Zaidi is not associated with any political party which will help gain credibility among the people. We advise him against going whole hog into the job at once. He should rather make four–five tweets a month keeping in mind that we are targeting the 2019 elections. He gets it well to say, “Dose ke type aise ([You mean like] Dose [of medicine] type).”

Giving him an idea how he should go about praising the BJP government, we tell him the example of Swach Bharat Abhiyan or Clean India Campaign. You can tweet, we suggest him, saying the success of campaign is the success of Modiji. Zaidi is a step ahead of us in this game. “Gandagi ke gurde chheel diye Modiji ne (Modiji has taken filth to task),” he says. Now take, for example, the Karnataka elections. You can tweet, we suggest him, saying that the BJP has increased its victory tally from 40 MLAs to 104 while the Congress under the leadership of Pappu could not fare well. He rather failed. And Pappu can be anybody. This way you can make fun of the leader in question as well as send your message across. 

Zaidi does not have any problem with caricaturing the leader of a national party in this manner. “Baat bhi pahuncha denge ([Yes, this way] Message will also get across),” he returns with as much promptness and adds, “Ab jo Pappu keh raha hai kya keh raha hai wo duniya jaanati hai bas yahaan par ye kehna chahenge ki khisyaani bhilli khamba noche, kabhi ye aa gaya kabhi kuch aa gayaa … kum shabdon mein teer lag jaaye sateek (Now, what Pappu is saying the whole world knows it well. Here I will say he is barking up the wrong tree. Sometime I will write like this at other times something else … I mean it should hit the target using fewer words).”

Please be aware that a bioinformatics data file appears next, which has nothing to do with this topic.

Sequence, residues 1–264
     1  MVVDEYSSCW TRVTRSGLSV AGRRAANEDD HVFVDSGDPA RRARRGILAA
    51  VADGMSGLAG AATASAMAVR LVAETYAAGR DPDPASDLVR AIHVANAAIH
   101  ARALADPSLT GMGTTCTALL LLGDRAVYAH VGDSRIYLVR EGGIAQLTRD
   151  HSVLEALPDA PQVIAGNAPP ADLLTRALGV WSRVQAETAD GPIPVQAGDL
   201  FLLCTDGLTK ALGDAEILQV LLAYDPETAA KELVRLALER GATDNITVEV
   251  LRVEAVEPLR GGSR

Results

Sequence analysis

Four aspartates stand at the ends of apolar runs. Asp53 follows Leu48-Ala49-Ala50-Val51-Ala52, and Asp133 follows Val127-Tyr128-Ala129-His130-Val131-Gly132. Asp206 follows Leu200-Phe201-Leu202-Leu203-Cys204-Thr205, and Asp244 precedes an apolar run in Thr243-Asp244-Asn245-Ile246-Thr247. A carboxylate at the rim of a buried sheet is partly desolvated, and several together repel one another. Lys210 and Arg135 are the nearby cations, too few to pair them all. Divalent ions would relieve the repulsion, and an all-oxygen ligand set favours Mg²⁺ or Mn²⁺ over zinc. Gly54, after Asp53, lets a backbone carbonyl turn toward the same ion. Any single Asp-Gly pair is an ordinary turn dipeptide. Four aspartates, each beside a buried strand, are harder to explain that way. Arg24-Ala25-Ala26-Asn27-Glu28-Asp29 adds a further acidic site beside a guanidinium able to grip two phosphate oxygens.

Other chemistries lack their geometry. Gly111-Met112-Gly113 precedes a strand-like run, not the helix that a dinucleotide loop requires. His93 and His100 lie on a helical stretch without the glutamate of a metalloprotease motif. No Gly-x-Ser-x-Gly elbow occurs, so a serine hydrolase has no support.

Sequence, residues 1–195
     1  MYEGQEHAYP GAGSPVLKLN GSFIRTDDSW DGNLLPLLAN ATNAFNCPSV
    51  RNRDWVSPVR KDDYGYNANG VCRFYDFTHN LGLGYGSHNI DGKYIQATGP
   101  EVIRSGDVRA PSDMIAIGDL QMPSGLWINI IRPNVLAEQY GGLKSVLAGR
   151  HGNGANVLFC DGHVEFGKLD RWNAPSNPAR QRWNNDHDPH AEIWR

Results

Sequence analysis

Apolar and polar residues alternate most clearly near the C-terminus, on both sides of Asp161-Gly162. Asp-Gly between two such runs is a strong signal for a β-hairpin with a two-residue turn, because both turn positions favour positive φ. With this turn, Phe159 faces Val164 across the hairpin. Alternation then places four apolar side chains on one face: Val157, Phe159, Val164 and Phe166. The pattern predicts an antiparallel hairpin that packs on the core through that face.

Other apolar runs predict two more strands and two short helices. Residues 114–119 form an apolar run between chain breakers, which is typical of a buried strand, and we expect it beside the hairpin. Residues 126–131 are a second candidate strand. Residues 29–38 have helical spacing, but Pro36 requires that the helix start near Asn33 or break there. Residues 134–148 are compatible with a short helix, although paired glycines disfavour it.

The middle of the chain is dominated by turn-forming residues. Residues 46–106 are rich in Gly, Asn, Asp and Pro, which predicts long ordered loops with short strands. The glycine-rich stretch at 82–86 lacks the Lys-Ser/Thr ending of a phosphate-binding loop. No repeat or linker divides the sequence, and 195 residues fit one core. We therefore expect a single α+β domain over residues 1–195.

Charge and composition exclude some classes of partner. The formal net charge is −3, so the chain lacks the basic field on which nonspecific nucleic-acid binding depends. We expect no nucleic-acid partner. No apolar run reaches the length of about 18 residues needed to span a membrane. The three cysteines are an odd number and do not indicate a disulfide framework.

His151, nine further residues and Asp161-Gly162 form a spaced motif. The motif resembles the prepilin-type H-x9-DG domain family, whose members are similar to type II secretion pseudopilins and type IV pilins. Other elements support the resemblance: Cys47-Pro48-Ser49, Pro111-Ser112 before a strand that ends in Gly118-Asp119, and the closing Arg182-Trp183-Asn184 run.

This is how you have to work on our agenda, we appreciate him. What you will post on social media should look like your own thoughts as an individual, we say. “Samajh gaya main I got it (I have understood it. I got it),” says Zaidi. As a Muslim, you are very important to the BJP, we tell him. “Main samajh gaya. Main samajh gaya (I got it, I got it),” says Zaidi.